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Thread: Cut and paste snippets about scams.

  1. #1
    ribshaw's Avatar
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    Cut and paste snippets about scams.

    Had a few interesting articles/blogs about scammy stuff cross my news feed over on Facebook. Thought I would drop them here for fellow scambuster reading.

    Internet Scammers Plans

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    "It's virtually impossible to violate rules ... but it's impossible for a violation to go undetected, certainly not for a considerable period of time." Bernie Madoff
    https://www.facebook.com/pages/Scam-...98399986981403

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    Re: Cut and paste snippets about scams.

    Fraudsters jailed for British Gas scam

    Two businessmen have been jailed after making thousands from selling fake British Gas insurance policies from their offices in South London [31 May 2013]

    Fraudsters jailed for British Gas scamThe pair scammed victims under the company name of Feature Me Ltd based in Purely, South London.

    The businessmen gave their telesales staff a list of British Gas customers to call, to try to sell to them British Gas Homecare insurance products. The innocent employees believed they were selling genuine insurance policies.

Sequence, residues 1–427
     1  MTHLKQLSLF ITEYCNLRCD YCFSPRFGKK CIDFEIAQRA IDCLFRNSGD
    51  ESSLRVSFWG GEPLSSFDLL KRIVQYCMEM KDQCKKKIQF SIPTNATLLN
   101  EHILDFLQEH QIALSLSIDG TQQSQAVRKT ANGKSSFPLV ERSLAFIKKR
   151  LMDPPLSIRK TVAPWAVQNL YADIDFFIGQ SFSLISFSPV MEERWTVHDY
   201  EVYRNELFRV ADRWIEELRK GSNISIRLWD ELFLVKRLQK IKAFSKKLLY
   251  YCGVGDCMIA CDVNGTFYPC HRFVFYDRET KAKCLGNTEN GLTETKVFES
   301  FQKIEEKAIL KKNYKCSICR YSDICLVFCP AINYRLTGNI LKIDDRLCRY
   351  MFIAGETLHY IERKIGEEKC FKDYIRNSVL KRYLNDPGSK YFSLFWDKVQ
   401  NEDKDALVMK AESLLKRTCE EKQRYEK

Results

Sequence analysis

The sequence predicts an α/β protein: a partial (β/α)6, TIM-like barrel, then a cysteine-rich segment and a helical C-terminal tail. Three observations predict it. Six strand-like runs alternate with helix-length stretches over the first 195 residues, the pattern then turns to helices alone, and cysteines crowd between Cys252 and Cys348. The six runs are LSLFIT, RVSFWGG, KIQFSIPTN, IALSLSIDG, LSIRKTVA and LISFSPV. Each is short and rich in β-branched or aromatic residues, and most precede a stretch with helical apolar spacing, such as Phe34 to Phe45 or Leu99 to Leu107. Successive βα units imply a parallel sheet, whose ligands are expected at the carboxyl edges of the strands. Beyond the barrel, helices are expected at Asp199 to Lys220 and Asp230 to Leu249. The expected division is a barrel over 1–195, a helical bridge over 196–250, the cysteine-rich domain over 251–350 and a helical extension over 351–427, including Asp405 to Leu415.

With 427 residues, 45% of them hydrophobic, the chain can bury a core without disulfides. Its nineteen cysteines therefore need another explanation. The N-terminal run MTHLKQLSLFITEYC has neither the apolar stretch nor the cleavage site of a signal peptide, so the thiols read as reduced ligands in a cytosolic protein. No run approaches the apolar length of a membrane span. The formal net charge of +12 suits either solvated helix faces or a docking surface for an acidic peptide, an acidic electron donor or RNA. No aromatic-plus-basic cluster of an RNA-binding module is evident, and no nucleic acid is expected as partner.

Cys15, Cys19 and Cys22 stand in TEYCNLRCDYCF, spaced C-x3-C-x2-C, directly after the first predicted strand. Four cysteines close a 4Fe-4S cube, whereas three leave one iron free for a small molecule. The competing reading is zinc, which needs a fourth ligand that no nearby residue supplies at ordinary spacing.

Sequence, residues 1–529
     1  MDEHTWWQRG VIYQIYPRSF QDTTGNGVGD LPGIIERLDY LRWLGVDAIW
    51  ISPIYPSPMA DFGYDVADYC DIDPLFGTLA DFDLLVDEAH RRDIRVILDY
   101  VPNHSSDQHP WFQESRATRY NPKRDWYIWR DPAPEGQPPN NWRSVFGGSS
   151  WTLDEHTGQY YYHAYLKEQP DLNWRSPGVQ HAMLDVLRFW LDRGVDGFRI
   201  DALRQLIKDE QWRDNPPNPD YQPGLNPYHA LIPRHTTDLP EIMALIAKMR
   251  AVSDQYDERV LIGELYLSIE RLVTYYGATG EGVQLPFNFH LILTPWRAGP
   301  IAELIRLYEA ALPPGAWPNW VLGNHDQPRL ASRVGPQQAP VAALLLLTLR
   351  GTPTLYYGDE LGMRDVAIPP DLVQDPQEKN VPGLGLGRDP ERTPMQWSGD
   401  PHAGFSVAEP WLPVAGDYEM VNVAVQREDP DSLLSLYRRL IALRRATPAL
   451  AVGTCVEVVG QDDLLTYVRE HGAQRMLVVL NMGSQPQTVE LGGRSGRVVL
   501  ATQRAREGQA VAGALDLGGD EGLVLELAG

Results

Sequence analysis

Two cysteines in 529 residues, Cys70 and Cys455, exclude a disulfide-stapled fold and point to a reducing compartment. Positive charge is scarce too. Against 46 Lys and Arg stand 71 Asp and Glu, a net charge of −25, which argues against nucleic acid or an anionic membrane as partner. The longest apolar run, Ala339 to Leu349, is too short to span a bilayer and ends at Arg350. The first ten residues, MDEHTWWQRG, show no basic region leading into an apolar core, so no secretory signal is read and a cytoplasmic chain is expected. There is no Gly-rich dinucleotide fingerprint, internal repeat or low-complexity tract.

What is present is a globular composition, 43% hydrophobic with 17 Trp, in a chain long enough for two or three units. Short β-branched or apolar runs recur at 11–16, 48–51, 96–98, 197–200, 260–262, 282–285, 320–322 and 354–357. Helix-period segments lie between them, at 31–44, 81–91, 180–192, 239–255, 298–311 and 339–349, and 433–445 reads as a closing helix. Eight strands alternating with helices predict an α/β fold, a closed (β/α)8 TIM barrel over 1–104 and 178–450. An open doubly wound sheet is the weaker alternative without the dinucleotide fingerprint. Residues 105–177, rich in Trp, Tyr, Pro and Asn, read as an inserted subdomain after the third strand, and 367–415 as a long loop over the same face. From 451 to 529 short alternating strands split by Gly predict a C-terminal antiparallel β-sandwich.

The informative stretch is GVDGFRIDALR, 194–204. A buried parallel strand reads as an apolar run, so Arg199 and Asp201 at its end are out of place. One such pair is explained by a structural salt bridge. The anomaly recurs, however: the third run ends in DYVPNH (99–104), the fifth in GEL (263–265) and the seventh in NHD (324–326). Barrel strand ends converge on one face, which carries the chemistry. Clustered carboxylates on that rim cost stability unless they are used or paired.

Once a product was 'sold' to victims over the phone the operators would take their payment details, and file their contact details and product they had bought.

    Their offices were raided after British Gas investigated a number of complaints. The men were jailed for a total of 33 months and were ordered to pay victims back.

    For further information visit the Croydon Guardian website.

    Please note that Action Fraud is not responsible for the content of external websites.

    To report a fraud and receive a police crime reference number, call Action Fraud on 0300 123 2040 or use our online fraud reporting tool.

    Fraudsters jailed for British Gas scam | Action Fraud
    "It's virtually impossible to violate rules ... but it's impossible for a violation to go undetected, certainly not for a considerable period of time." Bernie Madoff
    https://www.facebook.com/pages/Scam-...98399986981403

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    Re: Cut and paste snippets about scams.

    Alert – fraudster claiming to be from Action Fraud

    Our contact centre has received reports of a fraudster cold calling people claiming to be from Action Fraud [31 May 2013]

    Alert – fraudster claiming to be from Action FraudThe man called one potential victim claiming to be the “Birmingham office” of Action Fraud. He told her that she was in big trouble because £2,000 had been transferred from her bank to India and he thought it was money laundering.

    He then tried to give her a number to call back and verify his identify, but she refused to take it and called us directly. If you receive one of these phone calls, end the conversation immediately and report it to us.

    If you want to verify the identity of a caller claiming to be from Action Fraud you can call 0300 123 2040 or email action.fraud@nfa.gsi.gov.uk.

    When using a landline make sure there is a dialling tone before you call. Some fraudsters who call victims on landlines don’t hang up the phone - keeping the line open. So when you try to make another call you are connected straight back to the fraudster. This is a trick used in the courier scam.